Coming to television screens in October 2014, the premiere of Star Wars Rebels was screened before a small audience for the first time on Thursday night at the Reading Cinemas in the Gaslamp neighborhood of San Diego. The screening took place after the Heroes of Star Wars Rebels panel at San Diego Comic-Con.
I was lucky enough to be invited along with some other fan sites, entertainment journalists, celebrities, members charitable fan organizations like the 501st and Mando Mercs, celebrities and select other guests.
Reporters from the major media outlets present were asked to embargo their reviews of the premier but the rest of us were encouraged to share our reactions to the screening and that is what I am going to do here. The caveat being that I am not going to talk about plot points or spoil the story of the premiere.
The screening was prefaced by Filoni by saying that what we were seeing was an unfinished product. From the opening and closing of the screening it appears that the title sequences are still being worked on. There was also a scene transition during the screening that was a little rough. But other than that what we saw was pretty darn complete looking and sounding.
Cast and crew have been laboring on Star Wars Rebels for approximately a year now and it is clear from what we saw that it has been a labor of love.
In 1977 George Lucas, his cast and crew created a film that captured the imagination of a generation and all the generations that have followed. Much has been written and discussed about what factors played into the appeal and success of Star Wars. The thing about it is that you can break it down into all these different components and factors, but when they were put together the whole of Star Wars that we saw on the screen was much greater than the sum of its parts. There is something magical about Star Wars and sometimes hard to define but that produces a sense of feeling.
Many times when I am reviewing a Star Wars story, be it a book, comic, or television show the first question I ask myself is; Did it feel like Star Wars? Now if you ask me to define what that feeling is, I could probably come up with some factors but I have never been able to articulate that feeling completely. When a Star Wars story fails it is usually because it just doesn’t feel like Star Wars, it is like a song being played off-key.
I can say without any reservation that what I saw of Star Wars Rebels felt the most like Star Wars of anything I have seen on the screen since the Original Trilogy. I love the Prequel Trilogy and I love The Clone Wars, but there was something special about the Original Trilogy and the world that Lucas created in those three films.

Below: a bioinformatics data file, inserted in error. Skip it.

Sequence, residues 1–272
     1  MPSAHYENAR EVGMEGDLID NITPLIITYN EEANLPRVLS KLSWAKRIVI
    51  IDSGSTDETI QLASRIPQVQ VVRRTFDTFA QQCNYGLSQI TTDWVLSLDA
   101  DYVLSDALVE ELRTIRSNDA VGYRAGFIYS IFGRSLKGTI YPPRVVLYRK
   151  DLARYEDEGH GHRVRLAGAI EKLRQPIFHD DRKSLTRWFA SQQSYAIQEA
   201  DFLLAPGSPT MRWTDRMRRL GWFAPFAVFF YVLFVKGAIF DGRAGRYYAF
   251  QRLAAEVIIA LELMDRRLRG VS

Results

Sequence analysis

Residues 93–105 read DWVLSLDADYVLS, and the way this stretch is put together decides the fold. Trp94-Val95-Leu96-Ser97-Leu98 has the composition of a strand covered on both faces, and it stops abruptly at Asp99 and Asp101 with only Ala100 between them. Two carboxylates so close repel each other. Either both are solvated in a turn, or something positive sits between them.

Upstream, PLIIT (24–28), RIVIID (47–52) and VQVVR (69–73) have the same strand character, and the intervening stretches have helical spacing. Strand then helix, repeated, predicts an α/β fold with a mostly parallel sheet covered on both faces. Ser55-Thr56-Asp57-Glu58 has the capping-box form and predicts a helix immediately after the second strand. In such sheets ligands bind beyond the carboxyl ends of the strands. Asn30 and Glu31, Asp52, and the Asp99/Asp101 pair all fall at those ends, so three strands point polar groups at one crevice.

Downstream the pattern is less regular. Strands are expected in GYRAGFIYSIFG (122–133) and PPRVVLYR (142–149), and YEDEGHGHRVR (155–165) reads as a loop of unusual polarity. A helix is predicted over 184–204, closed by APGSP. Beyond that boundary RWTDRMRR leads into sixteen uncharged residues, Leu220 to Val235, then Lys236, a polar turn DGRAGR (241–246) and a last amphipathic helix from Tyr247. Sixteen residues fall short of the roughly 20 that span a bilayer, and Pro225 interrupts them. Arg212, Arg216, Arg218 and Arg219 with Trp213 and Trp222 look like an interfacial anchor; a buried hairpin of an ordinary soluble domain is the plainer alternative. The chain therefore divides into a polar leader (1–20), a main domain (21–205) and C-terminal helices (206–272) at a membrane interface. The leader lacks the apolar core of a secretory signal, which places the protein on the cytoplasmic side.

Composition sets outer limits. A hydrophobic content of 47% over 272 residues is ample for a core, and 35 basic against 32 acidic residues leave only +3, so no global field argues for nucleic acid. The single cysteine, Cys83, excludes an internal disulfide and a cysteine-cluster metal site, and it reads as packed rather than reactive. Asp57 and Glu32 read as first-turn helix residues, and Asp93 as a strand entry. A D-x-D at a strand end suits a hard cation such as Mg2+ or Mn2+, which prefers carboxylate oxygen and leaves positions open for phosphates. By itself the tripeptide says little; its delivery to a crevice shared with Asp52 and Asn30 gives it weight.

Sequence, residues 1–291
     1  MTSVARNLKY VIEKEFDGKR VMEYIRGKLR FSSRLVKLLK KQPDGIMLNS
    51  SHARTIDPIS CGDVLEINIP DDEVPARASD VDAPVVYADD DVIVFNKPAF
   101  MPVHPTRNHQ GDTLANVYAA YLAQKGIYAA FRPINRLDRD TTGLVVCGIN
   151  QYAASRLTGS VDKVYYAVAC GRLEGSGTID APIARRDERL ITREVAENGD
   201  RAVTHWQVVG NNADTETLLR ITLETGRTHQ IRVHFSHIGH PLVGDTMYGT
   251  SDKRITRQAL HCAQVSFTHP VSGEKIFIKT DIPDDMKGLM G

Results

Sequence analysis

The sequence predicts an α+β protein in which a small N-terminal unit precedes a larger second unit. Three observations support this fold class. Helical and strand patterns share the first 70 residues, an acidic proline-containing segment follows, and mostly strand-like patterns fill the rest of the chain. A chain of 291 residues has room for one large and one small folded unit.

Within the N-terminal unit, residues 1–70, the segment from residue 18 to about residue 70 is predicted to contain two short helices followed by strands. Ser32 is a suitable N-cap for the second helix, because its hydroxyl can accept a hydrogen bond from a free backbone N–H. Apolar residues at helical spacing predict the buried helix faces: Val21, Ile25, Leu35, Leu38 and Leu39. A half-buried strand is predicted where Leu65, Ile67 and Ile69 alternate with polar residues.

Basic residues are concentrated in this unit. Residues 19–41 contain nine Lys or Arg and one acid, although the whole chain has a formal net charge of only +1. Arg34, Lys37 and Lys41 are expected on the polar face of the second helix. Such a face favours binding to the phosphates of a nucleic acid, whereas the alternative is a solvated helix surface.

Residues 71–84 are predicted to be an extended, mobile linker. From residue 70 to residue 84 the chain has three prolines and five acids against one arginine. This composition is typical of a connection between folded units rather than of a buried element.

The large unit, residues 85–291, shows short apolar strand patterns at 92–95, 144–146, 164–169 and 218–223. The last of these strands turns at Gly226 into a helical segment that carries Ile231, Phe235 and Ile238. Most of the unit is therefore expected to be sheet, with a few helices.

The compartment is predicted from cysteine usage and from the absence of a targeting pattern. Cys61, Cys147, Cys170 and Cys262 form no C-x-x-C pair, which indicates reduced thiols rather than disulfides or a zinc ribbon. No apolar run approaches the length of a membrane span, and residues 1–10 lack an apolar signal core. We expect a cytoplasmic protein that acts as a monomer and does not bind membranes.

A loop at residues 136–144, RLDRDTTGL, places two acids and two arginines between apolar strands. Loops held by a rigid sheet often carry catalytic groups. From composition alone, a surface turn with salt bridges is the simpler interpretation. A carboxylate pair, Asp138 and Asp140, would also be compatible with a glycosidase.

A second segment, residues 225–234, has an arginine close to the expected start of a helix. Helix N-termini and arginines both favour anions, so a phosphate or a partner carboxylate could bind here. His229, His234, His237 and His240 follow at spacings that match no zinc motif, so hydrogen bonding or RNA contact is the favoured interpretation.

George Lucas throws you into the middle of events in Star Wars. You are immediately snapped to attention as you try to figure out who everyone is, what their place in the universe is and keep up with the on-screen action all at the same time. In Rebels they follow a very similar approach. We are thrust into the middle of events on Lothal as we are introduced to Ezra, but we don’t spend much quiet time getting to know Ezra as events escalate quickly. The pacing of Star Wars Rebels was terrific, once it gets rolling it doesn’t stop.
It struck me about the storytelling in Rebels that the way Simon Kinberg wrote the story, they only time we have a lot of exposition is at the beginning as we are given an introduction to our Point-of-view character Ezra and get to know his thoughts and feelings before the adventure kicks off. The rest of the characters are introduced in the flow of the story and we don’t learn a ton about them, but we do learn about their personalities and their character based on their reaction to events and the actions they take.
I loved the relationships between the existing Ghost crew members. It is also fascinating to see how the dynamic of Ezra entering the mix plays off of those relationships. The dialogue contains the banter and humor that balances the drama and action of Star Wars. The richness of the vocal performances was impressive across the board and I wonder if one of the reasons that most of the cast is using a voice that is similar to their actual voice is that it allows for a more natural performance were your effort isn’t split between trying to act the scene and maintain the voice.
There is also something comforting about seeing Imperials as the villains again. It was exhilarating to hear the whine of the TIE fighters again and to see them on the screen. The rigidity and uniformity of the Empire provides a very strong contrast to the heroes of Star Wars Rebels.
There are a number of moments through the film that had a giant fanboy grin across my face and I can’t wait to see the reaction once everyone is able to watch the premiere.
The animation style is much different from The Clone Wars and I think it will be less jarring for general fans of animated television or movies. Character movements are more exaggerated than in The Clone Wars, but not so much so that it becomes comical. In fact with the use of close-ups on character facial expressions it allows the animators to convey characters emotions more so than in The Clone Wars.
What really blew my socks off was the sound design. The sound effects and environmental sounds were perfect to me right down to the sound of Stormtrooper armor and boots as they moved through a hallway.
Above all else Star Wars Rebels is fun. It is the swashbuckling, full hearted fun that will keep a grin spread across your face until the moment you realize it is over.